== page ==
Third, a sporadic action involves a recurring event separated by an undetermined length of time. The Cross Body Lead would be a good example of a sporadic occurrence in that the action can happen again throughout the dance without a specific period or recurrence rate. In Martial Arts moves are executed at odd intervals to keep the opponent on guard.

The Pop Culture Connection

Do you know how break dancing evolved? Have you ever seen those old Kung Fu movies from the 70s and even earlier? Look at those moves; they are synonymous. Break dancers saw these incredible moves being performed artfully by Kung Fu practitioners and translated it to dance. The Windmill has a significantly different purpose in Kung Fu than it does in Break Dancing. Even today with shows like “Dancing With The Stars” and “So You Think You Can Dance?”, many of the movements are not traditional to their styles but present some spice and flare to the dance. LA Style salsa is notorious for having high energy, acrobatic moves in their performances.

A More Intimate Connection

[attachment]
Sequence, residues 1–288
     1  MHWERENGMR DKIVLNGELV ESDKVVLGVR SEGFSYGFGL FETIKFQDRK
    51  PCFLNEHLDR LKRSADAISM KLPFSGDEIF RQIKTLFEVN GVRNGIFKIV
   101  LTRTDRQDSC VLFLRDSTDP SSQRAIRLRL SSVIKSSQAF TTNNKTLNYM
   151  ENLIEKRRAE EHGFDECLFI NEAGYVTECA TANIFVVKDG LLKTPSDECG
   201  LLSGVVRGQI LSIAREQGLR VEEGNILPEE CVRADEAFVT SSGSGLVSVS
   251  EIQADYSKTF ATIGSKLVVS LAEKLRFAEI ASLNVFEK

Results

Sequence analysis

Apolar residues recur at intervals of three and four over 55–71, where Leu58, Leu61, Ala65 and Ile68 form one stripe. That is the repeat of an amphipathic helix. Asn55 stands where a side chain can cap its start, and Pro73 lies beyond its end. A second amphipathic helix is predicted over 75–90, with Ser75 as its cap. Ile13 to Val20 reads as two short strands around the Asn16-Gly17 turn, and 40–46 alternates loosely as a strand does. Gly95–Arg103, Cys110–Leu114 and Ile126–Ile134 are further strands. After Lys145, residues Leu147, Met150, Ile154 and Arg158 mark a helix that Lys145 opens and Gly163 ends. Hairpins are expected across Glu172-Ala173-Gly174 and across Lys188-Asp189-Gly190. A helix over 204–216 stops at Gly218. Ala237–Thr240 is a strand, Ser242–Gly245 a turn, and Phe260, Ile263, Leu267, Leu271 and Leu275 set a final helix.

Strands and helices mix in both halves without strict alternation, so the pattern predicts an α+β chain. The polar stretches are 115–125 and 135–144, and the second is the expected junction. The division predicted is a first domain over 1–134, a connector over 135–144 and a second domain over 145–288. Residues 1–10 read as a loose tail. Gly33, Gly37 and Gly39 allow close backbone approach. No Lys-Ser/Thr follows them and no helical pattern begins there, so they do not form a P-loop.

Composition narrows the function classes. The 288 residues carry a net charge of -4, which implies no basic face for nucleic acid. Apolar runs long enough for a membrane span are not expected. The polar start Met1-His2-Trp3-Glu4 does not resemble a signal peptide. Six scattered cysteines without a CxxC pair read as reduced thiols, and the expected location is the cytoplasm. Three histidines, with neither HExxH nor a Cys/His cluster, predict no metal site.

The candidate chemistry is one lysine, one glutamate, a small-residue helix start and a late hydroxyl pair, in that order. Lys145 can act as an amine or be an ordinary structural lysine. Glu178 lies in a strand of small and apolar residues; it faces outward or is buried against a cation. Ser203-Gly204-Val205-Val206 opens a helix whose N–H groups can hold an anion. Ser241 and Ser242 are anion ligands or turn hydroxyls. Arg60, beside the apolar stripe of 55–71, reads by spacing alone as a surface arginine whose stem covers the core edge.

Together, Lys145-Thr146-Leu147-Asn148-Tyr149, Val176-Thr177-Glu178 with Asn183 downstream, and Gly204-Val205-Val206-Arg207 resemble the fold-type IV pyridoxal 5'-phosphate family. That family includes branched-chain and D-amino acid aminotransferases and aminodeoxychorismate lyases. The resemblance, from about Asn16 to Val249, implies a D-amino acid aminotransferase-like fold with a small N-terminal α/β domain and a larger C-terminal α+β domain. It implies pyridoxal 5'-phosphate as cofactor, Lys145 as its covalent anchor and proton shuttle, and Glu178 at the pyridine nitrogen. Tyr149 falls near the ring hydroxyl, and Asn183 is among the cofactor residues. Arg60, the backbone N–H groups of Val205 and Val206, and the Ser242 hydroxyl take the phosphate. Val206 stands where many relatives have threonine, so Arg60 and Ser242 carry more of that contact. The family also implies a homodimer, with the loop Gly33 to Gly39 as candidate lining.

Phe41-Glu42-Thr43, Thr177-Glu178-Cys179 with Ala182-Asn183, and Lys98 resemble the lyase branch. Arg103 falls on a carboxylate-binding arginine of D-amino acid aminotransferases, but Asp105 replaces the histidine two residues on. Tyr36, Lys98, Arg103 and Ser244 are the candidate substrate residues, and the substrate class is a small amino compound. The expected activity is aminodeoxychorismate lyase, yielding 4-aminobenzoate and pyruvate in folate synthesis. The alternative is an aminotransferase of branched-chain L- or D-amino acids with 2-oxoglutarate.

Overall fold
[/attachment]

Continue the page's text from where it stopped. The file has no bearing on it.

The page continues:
We’ve examined both dance and martial arts as being two separate things that have similarities. However, there are even more intimate relations between the two that show a fusing of art forms. Warrior nations such as the Zulus, often incorporated dances as a tool to strengthen the pride of their tribe. The dances were used as stories telling of the might of the warriors and the desolation brought upon their enemies. In Kung Fu, while the forms themselves could be consider a dance, the Lion Dance was used to entertain but also train the students. Often seen at festivals and celebrations, the Lion Dance required a well versed practitioner to perform artfully advanced techniques. In the New World, prior to the advent of B-Boys, there was Capoeira. Credited to the arrival of slaves in South America (namely Brazil), Capoeira is a dancing martial art. Slaves were not allowed to practice martial arts whatsoever, but they skillfully hid their training into a dance. Unique to Capoeira is the inclusion of musicians with their training, further demonstrating the connection between dance and martial practices.

Crossovers and Converts